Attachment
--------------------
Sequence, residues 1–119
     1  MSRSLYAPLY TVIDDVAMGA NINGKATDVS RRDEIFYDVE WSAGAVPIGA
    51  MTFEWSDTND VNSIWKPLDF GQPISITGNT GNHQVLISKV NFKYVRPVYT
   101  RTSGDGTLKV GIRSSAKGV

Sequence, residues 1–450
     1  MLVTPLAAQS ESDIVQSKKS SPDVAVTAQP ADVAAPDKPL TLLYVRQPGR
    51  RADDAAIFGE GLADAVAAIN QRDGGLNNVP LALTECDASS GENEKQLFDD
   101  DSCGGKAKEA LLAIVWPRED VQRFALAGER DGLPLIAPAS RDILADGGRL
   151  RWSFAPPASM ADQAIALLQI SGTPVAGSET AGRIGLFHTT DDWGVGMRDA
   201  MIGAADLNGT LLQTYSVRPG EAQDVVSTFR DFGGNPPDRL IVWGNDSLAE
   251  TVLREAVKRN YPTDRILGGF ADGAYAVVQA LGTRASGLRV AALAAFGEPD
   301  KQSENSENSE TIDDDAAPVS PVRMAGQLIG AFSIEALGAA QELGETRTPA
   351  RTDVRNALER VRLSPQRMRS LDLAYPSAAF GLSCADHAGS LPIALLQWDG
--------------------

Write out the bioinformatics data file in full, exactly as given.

Sequence, residues 1–119
     1  MSRSLYAPLY TVIDDVAMGA NINGKATDVS RRDEIFYDVE WSAGAVPIGA
    51  MTFEWSDTND VNSIWKPLDF GQPISITGNT GNHQVLISKV NFKYVRPVYT
   101  RTSGDGTLKV GIRSSAKGV

Sequence, residues 1–450
     1  MLVTPLAAQS ESDIVQSKKS SPDVAVTAQP ADVAAPDKPL TLLYVRQPGR
    51  RADDAAIFGE GLADAVAAIN QRDGGLNNVP LALTECDASS GENEKQLFDD
   101  DSCGGKAKEA LLAIVWPRED VQRFALAGER DGLPLIAPAS RDILADGGRL
   151  RWSFAPPASM ADQAIALLQI SGTPVAGSET AGRIGLFHTT DDWGVGMRDA
   201  MIGAADLNGT LLQTYSVRPG EAQDVVSTFR DFGGNPPDRL IVWGNDSLAE
   251  TVLREAVKRN YPTDRILGGF ADGAYAVVQA LGTRASGLRV AALAAFGEPD
   301  KQSENSENSE TIDDDAAPVS PVRMAGQLIG AFSIEALGAA QELGETRTPA
   351  RTDVRNALER VRLSPQRMRS LDLAYPSAAF GLSCADHAGS LPIALLQWDG